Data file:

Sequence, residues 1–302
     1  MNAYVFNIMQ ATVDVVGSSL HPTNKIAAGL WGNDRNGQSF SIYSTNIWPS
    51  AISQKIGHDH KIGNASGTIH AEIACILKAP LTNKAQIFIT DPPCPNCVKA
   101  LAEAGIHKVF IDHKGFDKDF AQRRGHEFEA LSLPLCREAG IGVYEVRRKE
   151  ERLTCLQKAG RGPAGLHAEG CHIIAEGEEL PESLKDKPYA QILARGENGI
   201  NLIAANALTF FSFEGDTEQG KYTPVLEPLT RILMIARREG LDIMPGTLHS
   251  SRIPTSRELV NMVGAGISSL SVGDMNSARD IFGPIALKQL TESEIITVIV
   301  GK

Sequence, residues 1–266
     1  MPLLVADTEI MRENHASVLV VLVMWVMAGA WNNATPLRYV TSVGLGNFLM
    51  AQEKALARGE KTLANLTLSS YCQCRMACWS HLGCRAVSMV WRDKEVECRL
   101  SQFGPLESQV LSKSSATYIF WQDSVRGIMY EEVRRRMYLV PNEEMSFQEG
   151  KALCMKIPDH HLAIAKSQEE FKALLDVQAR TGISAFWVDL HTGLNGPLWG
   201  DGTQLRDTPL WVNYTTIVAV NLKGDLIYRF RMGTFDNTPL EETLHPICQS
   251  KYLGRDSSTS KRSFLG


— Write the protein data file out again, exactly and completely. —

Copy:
Sequence, residues 1–302
     1  MNAYVFNIMQ ATVDVVGSSL HPTNKIAAGL WGNDRNGQSF SIYSTNIWPS
    51  AISQKIGHDH KIGNASGTIH AEIACILKAP LTNKAQIFIT DPPCPNCVKA
   101  LAEAGIHKVF IDHKGFDKDF AQRRGHEFEA LSLPLCREAG IGVYEVRRKE
   151  ERLTCLQKAG RGPAGLHAEG CHIIAEGEEL PESLKDKPYA QILARGENGI
   201  NLIAANALTF FSFEGDTEQG KYTPVLEPLT RILMIARREG LDIMPGTLHS
   251  SRIPTSRELV NMVGAGISSL SVGDMNSARD IFGPIALKQL TESEIITVIV
   301  GK

Sequence, residues 1–266
     1  MPLLVADTEI MRENHASVLV VLVMWVMAGA WNNATPLRYV TSVGLGNFLM
    51  AQEKALARGE KTLANLTLSS YCQCRMACWS HLGCRAVSMV WRDKEVECRL
   101  SQFGPLESQV LSKSSATYIF WQDSVRGIMY EEVRRRMYLV PNEEMSFQEG
   151  KALCMKIPDH HLAIAKSQEE FKALLDVQAR TGISAFWVDL HTGLNGPLWG
   201  DGTQLRDTPL WVNYTTIVAV NLKGDLIYRF RMGTFDNTPL EETLHPICQS
   251  KYLGRDSSTS KRSFLG